Different myeloid cell populations possess various properties and may play different roles in tumor initiation and progression [9, 52, 53]. In general, the proportion of myeloid cells increases when tumor grows bigger in either peripheral immune organs or in the tumor microenvironment. Meantime, the composition of myeloid cell populations also changes at the various stages of tumor. We observed a higher ratio of tiMDSC/TAM during tumor initiation, compared to established tumors. TiMDSC is a heterogeneous cell population and can differentiate into other myeloid cell types. The shift of TAN to TAM could be due to the differentiation of tiMDSC to TAM. The hypoxic tumor microenvironment promotes rapid differentiation of tiMDSC into TAM [26, 54, 55]. In addition, the short lifespan of neutrophil may also contribute to the decreased ratio of tiMDSC/TAM .
Neutrophil is the first responder during inflammation. Indeed, CD11b+Gr1+ cells comprise about 75% of CD45+ cells infiltrated into inflammatory sites induced by OXd4 . Tumor has been considered as a wound that does not heal. At the early stage of tumorigenesis, MDSC (CD11b+Gr1+) cells are the major infiltrating immune cells, which is likely due to inflammation . During tumor development, the amount of TAM was increased and polarized to immunosuppression, and thus promoted tumor progression. TiMDSC appears to play a pivotal role in primary tumor initiation or metastatic cancer cell colonization via the induction of angiogenesis [13, 57], while TAM promotes tumor progression through the creation of an immunosuppressive tumor microenvironment. Thus, tiMDSC and TAM possess differential properties and fulfill distinct roles during different stages of cancer development and progression.
MATERIALS AND METHODS
Animals and tumor models
FVB/N, C57BL/6, Balb/c, and MMTV-PyVT mice were housed in pathogen free animal facilities. The EO771 breast tumor cell line was purchased from CH3 Biosystems (New York, USA). Dr. Peigen Huang at Massachusetts General Hospital generated the MCaP0008 breast tumor cell line . Both of the cell lines were cultured in DMEM medium (Gibco, USA) containing 10% fetal bovine serum (FBS, Gibco). 4T1 breast tumor cells were purchased from ATCC (USA) and cultured in RPMI-1640 medium (Gibco) containing 10% FBS. To obtain source tumor tissue, MCaP0008 breast tumor cells (1 × 106 cells) were injected orthotopically into the mammary fat pad of female FVB/N mice . When the tumor reached 8 mm in diameter, it was excised, and a small piece (about 1 mm3) of viable tumor tissue was orthotopically transplanted into new female FVB mouse. In some experiments, both MCaP0008 (1 × 106 cells) and EO771 (3 × 105 cells) tumor cells were orthotopically inoculated into the mammary fat pads of FVB/N and C57BL/6 mice, respectively. Animal procedures were carried out following the Public Health Service Policy on Humane Care of Laboratory Animals. All procedures were approved by the Institutional Laboratory Animal Care and Use Committee of Soochow University.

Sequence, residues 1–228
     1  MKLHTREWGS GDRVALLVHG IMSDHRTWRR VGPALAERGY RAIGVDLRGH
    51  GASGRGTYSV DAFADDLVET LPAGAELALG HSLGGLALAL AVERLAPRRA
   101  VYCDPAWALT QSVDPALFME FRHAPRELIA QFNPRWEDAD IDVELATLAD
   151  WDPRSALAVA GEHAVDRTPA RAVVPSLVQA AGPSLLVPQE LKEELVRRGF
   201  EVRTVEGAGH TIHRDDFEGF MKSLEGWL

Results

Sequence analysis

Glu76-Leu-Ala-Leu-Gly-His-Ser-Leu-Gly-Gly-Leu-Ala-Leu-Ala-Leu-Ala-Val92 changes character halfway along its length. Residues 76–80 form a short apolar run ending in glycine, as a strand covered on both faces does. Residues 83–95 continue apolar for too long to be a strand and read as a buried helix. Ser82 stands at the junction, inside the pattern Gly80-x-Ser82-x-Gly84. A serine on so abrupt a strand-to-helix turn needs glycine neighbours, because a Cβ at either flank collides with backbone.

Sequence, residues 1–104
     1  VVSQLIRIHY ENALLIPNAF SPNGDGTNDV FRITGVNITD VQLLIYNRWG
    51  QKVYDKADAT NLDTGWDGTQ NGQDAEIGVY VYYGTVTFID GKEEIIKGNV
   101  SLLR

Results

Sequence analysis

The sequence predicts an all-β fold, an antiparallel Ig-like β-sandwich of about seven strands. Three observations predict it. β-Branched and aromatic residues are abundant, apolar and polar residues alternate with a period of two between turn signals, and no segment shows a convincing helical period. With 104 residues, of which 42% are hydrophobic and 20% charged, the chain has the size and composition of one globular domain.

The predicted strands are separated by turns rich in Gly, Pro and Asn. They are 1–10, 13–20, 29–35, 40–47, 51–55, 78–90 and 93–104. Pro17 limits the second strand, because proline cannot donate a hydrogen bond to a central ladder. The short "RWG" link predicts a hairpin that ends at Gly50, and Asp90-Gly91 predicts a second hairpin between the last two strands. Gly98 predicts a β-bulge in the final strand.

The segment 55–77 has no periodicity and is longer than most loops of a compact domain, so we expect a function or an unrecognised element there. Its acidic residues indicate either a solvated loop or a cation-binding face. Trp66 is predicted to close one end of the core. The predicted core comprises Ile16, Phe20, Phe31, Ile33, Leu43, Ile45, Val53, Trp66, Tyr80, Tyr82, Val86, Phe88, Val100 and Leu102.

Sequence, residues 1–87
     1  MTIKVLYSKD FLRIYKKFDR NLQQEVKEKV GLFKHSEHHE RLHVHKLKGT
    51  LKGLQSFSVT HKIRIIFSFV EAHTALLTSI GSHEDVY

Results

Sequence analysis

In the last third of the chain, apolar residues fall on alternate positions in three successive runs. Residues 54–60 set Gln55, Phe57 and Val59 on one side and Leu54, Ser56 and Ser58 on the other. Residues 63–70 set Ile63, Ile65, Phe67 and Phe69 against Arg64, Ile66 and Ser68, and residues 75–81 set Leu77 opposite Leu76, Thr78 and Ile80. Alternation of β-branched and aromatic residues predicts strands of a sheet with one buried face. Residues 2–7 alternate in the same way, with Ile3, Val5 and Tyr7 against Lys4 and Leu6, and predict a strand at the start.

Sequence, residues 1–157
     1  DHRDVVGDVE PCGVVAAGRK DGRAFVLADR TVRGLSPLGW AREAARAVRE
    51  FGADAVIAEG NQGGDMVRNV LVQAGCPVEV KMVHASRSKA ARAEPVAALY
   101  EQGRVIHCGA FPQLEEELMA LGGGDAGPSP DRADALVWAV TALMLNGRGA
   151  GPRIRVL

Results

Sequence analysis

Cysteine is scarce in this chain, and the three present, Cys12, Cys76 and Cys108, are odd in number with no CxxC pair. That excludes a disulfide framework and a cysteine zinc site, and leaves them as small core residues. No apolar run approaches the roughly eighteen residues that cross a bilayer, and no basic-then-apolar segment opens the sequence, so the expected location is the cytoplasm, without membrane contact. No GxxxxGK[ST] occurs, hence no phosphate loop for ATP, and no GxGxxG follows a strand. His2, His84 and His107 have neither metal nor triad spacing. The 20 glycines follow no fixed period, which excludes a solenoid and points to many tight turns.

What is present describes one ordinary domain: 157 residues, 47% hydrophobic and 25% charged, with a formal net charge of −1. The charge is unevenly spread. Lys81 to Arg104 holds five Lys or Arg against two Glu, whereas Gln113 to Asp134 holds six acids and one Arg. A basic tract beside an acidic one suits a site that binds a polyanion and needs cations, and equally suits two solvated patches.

In vivo hoechst 33342 staining
When tumors reached 6−8 mm in diameter, tumor-bearing mice were injected, via the tail vein, with 200 μl of 10 mg/kg Hoechst 33342 dye (Sigma-Aldrich, USA). After 5 minutes, mice were systemically perfused with PBS and the tumors were removed. Under these conditions, a reproducible perivascular tumor cell-labeling gradient was achieved, as described previously [29, 30]. Tumor tissues were cut into two pieces. One portion was fixed with 4% paraformaldehyde for histological analysis. The remaining piece was used for flow sorting or flow cytometric analysis. FITC-anti-Ly6G (BD Biosciences, USA) and APC-anti-F4/80 (eBioscience, USA) were used to stained neutrophil and macrophage in the frozen tumor tissues.
Isolation of tiMDSC and TAM
Tumors were harvested from MMTV-PyVT transgenic mice or MCaP0008 tumor-bearing mice. Tumor tissues were then minced and digested at 37°C for 45 min with DMEM containing collagenase type 1A (1.5 mg/ml), hyaluronidase (1.5 mg/ml), and DNase (20 U/ml). TiMDSCs and TAMs were enriched by CD11b-microbeads (Miltenyi, Germany). Enriched cells were then stained with PE-F4/80 (eBioscience), FITC-Ly6G, PE-Cy7-CD45, APC-Gr1, APC-Cy7-CD11b (BD Biosciences) and isolated by flow sorting. 50,000 tiMDSCs were subjected to cytospin preparation (Thermo Shandon), and were fixed and stained with a Wright Giemsa Staining according to the manufacturer’s instructions (Sigma-Aldrich).
Immune suppression assays